An atom is a thing; an element is a type of thing.
An atom is a collection of protons, neutrons and electrons. A single, isolated atom in its neutral state has some number of protons, the same number of electrons and some number neutrons (about as many as protons for the lighter elements, up to about 50% more, for heavier elements). The number of neutrons or protons in an atom only changes as a result of radioactive processes or very high-energy interactions such as you get in particle accelerators. And I mean really high energy: even if you think about blowing up sticks of dynamite, that isn't nearly enough energy to start messing with the protons and neutrons. Chemistry happens when atoms come together and share electrons or give electrons to each other. Chemical reactions happen all the time and many of them don't need a whole lot of energy: moving electrons from atom to atom is often very easy.
So, the chemistry of an atom depends on the number of electrons and the number of electrons in an isolated atom depends directly on the number of protons. Electrons are so easy to add and remove from atoms (just rub a balloon against your hair: the static electricity is because you transferred electrons between your hair and the balloon) so we classify atoms according to the number of protons in them. Neutrons aren't so relevant: I'll put a note about them at the end.
So, the element of an atom is determined by the number of protons. All atoms of hydrogen have one proton, and all atoms with one proton are hydrogen. Two protons is helium, three is lithium, seventeen is chlorine, 79 is gold, etc. A pure sample of an element contains only atoms of that type: for example, a pure sample of iron contains only atoms with 26 protons. Water, on the other hand, is not an element: a molecule of water consists of two hydrogen atoms (one proton each) sharing electrons with an oxygen atom (eight protons).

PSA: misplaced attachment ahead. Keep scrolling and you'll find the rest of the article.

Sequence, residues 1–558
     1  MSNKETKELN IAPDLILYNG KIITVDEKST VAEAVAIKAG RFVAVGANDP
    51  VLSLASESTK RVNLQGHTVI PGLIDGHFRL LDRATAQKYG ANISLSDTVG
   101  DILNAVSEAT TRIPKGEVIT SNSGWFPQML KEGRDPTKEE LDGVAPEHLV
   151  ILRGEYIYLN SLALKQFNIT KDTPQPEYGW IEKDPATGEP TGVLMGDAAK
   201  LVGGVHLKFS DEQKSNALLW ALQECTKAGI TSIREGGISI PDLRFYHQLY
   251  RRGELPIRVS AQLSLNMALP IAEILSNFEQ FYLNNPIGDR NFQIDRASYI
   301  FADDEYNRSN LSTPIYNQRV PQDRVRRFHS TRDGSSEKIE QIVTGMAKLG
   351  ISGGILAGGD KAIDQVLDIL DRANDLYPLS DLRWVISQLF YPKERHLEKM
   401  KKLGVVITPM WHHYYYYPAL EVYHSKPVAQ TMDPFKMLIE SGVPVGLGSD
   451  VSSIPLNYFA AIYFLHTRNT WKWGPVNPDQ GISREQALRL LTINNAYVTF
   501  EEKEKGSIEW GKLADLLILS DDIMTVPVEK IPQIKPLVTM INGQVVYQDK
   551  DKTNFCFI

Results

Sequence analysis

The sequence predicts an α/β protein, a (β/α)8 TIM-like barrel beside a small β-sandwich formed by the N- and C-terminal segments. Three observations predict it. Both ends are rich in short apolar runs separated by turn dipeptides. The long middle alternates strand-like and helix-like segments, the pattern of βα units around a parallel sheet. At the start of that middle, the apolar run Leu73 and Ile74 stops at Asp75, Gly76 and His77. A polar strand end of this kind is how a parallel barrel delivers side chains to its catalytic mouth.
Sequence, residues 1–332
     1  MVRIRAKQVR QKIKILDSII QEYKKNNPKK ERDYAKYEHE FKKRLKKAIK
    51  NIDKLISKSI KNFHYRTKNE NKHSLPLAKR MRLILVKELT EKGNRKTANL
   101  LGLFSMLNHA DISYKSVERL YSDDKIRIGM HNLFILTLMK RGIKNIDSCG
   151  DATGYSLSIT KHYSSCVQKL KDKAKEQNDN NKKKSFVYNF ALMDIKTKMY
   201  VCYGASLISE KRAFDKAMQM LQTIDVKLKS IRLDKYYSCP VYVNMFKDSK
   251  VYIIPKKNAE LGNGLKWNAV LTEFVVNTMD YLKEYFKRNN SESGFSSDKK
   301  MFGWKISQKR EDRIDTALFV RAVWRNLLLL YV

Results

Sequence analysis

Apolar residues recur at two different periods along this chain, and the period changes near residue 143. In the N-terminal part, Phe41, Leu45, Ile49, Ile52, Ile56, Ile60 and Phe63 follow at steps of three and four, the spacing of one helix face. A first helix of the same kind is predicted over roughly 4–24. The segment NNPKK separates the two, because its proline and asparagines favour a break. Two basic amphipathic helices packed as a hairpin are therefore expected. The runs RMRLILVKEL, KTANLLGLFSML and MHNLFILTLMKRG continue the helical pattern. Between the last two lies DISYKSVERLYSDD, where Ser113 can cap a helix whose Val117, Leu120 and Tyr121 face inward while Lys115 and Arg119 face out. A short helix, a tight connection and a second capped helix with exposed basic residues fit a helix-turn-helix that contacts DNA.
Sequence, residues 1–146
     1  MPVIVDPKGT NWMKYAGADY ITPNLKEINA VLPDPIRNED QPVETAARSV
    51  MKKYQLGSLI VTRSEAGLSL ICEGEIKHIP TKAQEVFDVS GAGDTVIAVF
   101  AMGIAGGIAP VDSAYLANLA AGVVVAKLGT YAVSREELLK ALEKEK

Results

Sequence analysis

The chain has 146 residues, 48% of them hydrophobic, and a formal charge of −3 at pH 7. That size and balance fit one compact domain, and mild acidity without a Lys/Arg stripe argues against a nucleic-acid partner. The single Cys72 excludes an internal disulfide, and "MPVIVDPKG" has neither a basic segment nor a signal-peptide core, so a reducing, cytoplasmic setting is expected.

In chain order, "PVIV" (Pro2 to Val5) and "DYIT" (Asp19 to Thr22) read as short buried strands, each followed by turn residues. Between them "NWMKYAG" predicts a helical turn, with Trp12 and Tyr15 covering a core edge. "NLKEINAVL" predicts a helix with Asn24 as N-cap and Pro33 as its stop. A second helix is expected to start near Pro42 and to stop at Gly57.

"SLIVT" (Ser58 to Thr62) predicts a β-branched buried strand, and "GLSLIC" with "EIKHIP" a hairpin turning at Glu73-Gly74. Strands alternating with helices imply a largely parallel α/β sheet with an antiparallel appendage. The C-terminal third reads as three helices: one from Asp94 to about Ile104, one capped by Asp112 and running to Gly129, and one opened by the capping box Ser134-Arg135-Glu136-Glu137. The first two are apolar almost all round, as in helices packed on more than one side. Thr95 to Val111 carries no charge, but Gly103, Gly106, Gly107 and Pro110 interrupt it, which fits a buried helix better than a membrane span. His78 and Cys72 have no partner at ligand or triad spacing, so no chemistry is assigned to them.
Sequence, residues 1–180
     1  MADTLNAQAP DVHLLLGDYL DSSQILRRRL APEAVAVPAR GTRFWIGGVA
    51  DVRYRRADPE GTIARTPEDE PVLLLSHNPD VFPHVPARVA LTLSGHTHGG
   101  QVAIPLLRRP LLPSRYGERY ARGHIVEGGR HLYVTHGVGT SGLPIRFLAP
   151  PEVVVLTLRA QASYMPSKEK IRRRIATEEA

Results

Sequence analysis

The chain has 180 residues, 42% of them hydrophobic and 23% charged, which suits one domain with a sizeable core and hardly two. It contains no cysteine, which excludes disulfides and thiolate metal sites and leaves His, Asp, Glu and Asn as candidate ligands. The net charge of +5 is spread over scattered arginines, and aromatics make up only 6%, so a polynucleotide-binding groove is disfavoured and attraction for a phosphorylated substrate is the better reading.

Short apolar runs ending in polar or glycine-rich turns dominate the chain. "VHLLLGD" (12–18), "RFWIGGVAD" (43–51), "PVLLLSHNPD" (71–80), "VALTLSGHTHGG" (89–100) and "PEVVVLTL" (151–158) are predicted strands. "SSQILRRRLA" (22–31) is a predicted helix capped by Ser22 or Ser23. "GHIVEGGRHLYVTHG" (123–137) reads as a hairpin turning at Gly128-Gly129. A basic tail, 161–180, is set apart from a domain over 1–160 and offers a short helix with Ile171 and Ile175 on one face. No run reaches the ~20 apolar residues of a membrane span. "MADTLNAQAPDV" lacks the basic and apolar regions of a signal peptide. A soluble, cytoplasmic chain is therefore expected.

Now, what does it mean to claim that an element "cannot be broken down into a simpler form," and why aren't atoms "a simpler form"? Well, they're not a simpler form because an iron atom is iron: it's the same form, not simpler. Think of it this way. If I give you a lump of pure iron, all you can do is break it into smaller lumps of iron, or make it into a more complex substance, for example by letting it rust – rust is formed of iron and oxygen. The smallest possible lump of iron you could make is a single iron atom, but that's still just an unbelievably tiny lump of iron. If you wanted to break down a lump of iron beyond single iron atoms, you'd need to use a nuclear reactor or a particle accelerator or something like that and then, finally, you'd be able to get something that wasn't iron, because you'd have changed the number of protons in the atoms.
Let's contrast that with water. If I give you a bucket of pure water then, just like the lump of iron, you can divide it into smaller and smaller samples, ultimately ending up with a single water molecule. But you can do something else: if you pass electricity through the water, it splits into pure hydrogen and pure oxygen. These are "simpler" substances because each consists of atoms of just one element, whereas water has atoms of two elements.
What about neutrons? Well, in terms of chemistry, they don't do a whole lot and atoms that have the same number of protons but different numbers of neutrons are much more alike (they have essentially the same chemistry, for example) than atoms that have the same number of neutrons but different numbers of protons. It makes much more sense to classify by the number of protons, since that determines the number of electrons and that determines the chemistry.
Suppose you tried instead to classify atoms according to the number of neutrons. Well, most argon atoms (18 protons) have 22 neutrons, but some chlorine atoms (17 protons) and a decent fraction of potassium atoms (19 protons) also have 22 neutrons. As you probably know, argon, chlorine and potassium are absolutely nothing like each other. On the other hand, potassium atoms with 22 neutrons behave almost identically to the most common kind of potassium atoms, which have 21 neutrons.